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Ten Mile Markers Along the Road to College

February 05, 2016
By Lynn Hicks

Ten Mile Markers Along the Road to College

by Lynn S. Hicks, College and Career Counselor


I can remember feeling fear, trepidation and excitement all knotted together in my stomach as my mother and I set out across the southeast to visit more than ten colleges during the fall of my junior year in high school. Some schools were higher on the list of priorities, so we scheduled formal tours and admissions office interviews. Some schools held intrigue and mystery which necessitated a drive through campus just to experience the ambiance of a large state school or the wonder of an ivy league university. At that point, I’m not sure which made a bigger impression ­­ -- the schools we visited or the delicious food we savored along the way! I can vividly remember standing on the campus of Furman University in front of the front gate fountain and thinking with extreme clarity the following words from scripture, “This is the way, walk ye in it” (Isaiah 30:21). Was it the beauty of the campus, the small sense of community, or the emphasis on academic excellence? All of those factors were true but I just knew it was the “right fit” for the next four years of my academic career. For my mother, I seriously think it was the huge iron gate surrounding the entire campus including a guard gate station monitoring everyone entering and leaving!  I had a peace and assurance in my heart:  Furman was my next home.


At Cornerstone Academy, we equip our high school students with the tools necessary in order to choose the best college for their individual needs. Colleges are becoming increasingly more competitive and more expensive. Therefore, it is important for each student to find the “best fit” in order to maximize their funds and minimize time enrolled. Cornerstone has implemented a program called College and Career Pathways to assist students on this journey. This program guides and prepares our students through the decision-­making and college acceptance process.


  1. In August, juniors, seniors, and their parents attend an informational college and career meeting.  Students receive timelines stating specific tasks to be accomplished in each month.
  2. In the fall, juniors and seniors attend the college fair hosted by Carson Newman in order to speak with admissions representatives from over seventy colleges and universities. The students evaluate these schools on factors including size, geographic location, cost, private/public, Christian values, sports, majors offered etc.
  3. We encourage students to attend preview days hosted by their top three to five college choices beginning the fall semester of their junior year. This gives the student a personal representation of what it would be like to be a student on that campus.
  4. The guidance office provides ongoing one­-on­-one counsel and assistance as students apply to colleges of their choice and pursue various scholarships. Students identify their academic strengths and weaknesses. They also explore their own career interests (as reported on the ACT interest inventory) as they compare to other professionals in various career fields.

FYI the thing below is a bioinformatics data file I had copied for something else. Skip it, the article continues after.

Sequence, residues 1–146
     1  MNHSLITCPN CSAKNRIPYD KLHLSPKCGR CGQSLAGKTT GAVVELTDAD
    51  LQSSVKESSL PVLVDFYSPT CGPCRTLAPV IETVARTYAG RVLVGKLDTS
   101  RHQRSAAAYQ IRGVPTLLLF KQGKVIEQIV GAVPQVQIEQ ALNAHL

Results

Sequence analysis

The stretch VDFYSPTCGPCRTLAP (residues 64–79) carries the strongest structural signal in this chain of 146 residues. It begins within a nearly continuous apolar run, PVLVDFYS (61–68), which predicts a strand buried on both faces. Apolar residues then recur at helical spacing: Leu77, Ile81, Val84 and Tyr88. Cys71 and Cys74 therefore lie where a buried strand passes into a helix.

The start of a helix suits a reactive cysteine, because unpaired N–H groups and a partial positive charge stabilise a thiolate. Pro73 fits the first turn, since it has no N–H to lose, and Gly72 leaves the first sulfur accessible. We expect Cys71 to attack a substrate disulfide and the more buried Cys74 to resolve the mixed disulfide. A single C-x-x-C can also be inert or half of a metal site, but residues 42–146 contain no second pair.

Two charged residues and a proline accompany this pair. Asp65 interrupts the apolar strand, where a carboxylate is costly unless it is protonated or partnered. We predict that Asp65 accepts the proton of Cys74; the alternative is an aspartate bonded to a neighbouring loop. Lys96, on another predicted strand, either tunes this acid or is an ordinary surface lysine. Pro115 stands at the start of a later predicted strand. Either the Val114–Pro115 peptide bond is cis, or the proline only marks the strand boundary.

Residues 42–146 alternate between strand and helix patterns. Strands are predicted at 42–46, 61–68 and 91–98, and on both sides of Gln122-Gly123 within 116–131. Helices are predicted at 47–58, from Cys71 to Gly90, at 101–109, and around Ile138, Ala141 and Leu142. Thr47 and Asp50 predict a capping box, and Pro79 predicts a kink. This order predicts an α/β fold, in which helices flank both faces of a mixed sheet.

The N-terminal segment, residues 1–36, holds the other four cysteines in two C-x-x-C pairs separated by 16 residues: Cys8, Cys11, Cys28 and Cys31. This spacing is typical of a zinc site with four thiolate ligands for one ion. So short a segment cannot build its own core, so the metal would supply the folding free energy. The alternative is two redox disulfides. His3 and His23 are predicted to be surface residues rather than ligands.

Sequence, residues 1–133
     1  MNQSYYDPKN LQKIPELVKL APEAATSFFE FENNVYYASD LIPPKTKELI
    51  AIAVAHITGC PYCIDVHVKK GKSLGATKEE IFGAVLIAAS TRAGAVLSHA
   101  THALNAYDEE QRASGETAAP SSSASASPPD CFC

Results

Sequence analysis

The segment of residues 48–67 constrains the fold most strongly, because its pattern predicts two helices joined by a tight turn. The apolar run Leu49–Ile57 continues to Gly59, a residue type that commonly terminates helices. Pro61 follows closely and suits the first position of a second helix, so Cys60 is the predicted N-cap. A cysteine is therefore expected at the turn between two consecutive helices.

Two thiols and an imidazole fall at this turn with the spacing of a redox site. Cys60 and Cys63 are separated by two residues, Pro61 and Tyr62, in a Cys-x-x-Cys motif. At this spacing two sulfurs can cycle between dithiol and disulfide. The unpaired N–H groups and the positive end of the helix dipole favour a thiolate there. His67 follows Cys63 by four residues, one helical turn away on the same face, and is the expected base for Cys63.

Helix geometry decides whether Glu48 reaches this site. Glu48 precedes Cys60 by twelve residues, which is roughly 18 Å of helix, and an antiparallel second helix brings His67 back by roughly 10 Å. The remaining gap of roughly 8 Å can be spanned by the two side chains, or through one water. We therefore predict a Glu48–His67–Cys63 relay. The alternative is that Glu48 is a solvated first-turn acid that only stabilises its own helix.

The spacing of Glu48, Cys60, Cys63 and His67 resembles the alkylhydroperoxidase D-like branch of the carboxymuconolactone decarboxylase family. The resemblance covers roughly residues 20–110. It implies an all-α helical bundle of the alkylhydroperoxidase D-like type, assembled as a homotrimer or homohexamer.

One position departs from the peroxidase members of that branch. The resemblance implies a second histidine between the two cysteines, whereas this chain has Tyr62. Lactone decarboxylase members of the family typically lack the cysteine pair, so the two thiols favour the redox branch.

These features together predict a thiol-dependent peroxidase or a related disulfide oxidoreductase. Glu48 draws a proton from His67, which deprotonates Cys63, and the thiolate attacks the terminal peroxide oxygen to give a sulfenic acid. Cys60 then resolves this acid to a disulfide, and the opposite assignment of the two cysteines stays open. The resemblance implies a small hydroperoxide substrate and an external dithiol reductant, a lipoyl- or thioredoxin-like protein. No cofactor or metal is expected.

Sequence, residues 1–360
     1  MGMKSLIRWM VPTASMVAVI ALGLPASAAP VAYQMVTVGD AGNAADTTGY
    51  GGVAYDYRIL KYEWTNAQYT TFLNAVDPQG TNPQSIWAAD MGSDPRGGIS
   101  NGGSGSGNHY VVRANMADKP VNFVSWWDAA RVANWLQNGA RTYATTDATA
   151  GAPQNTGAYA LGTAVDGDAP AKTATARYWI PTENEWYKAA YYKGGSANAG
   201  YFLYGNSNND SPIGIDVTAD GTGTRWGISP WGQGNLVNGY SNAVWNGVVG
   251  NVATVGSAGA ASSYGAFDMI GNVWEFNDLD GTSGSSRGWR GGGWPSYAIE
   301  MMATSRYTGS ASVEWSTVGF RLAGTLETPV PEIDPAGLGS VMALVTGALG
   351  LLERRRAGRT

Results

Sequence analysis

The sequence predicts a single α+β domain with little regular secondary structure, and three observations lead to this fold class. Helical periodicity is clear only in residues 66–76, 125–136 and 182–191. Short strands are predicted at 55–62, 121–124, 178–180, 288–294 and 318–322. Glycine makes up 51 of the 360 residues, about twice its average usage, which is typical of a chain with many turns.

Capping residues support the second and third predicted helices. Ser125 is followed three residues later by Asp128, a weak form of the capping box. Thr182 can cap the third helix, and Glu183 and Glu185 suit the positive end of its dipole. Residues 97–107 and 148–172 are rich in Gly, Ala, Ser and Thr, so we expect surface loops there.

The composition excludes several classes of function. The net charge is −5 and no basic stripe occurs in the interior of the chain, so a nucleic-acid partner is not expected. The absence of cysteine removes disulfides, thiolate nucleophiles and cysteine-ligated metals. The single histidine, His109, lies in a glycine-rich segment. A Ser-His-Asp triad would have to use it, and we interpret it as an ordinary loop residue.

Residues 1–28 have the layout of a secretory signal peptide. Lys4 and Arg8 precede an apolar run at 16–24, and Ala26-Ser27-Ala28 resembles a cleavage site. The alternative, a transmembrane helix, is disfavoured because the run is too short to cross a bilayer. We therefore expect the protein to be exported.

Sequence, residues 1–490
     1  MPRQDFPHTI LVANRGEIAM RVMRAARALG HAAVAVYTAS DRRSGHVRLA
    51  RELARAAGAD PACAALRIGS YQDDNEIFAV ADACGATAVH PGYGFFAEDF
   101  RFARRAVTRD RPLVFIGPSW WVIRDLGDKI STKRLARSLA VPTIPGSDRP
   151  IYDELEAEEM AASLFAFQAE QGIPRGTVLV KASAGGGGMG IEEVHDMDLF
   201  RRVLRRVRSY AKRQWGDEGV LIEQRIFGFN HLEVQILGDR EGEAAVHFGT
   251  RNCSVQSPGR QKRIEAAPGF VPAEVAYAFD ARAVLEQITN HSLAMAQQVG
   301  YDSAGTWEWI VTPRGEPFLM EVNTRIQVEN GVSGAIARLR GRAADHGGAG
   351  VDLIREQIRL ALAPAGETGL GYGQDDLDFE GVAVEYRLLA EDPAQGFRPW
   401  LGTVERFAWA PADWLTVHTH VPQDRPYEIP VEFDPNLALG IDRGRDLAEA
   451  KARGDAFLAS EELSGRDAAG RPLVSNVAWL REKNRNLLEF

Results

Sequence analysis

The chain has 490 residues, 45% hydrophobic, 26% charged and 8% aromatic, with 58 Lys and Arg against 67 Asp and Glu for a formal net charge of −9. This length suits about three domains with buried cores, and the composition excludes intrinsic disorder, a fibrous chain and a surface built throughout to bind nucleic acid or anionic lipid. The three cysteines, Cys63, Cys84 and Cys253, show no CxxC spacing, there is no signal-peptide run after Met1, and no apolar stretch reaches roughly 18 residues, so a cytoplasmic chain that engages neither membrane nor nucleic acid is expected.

5. Juniors complete an autobiographical sketch in order to begin organizing their extra­curricular activities, clubs, honors/awards, leadership and service activities. This form assists the student in completing college applications and also to assist teachers and staff in writing letters of recommendation.
  6. In order to assess academic strengths and weaknesses, students complete a battery of standardized tests.

High school testing sequence:

  • In the spring, sophomores take the ACT Plan to prepare for the ACT.

  • In October, juniors take the PSAT to prepare for the SAT as well as to determine eligibility for the National Merit Scholarship.

  • Juniors and seniors are instructed to register for multiple ACT dates in order to achieve the highest score possible.

  1. Cornerstone offers dual enrollment courses through Bryan college for college credit. The Dual Enrollment Grant funds these classes with certain limits and criteria. Cornerstone Academy faculty teach these classes on our campus. Students may also enroll in dual enrollment courses after school hours at WSCC. These opportunities allow the student to accrue college credits with minimal financial commitment and to enter college with a jump start on college hours.
  2. The guidance office sends transcripts and letters of recommendation on behalf of the student.
  3. Students must complete fifteen hours of community service per high school year which comprise a blend of school, community, and church based service.
  4. We encourage students to meet TN Promise deadlines for applications, meetings, FAFSA, and service hours. This government scholarship will pay for any student enrolled in an AA program for two years at a participating community college or four year university up to $4,000 last dollar (after all other scholarships have been applied).

Now, as the mother of a senior, I have a whole new perspective on this road trip to college. No longer am I the senior making the “best fit” college choice, but instead I hold the role of a praying parent for my daughter to capture God’s vision for the next season of her life. It is our mission at Cornerstone Academy to prepare our students for the future by providing them with a Christ-­centered, classical education that equips them to achieve academic excellence and spiritual maturity.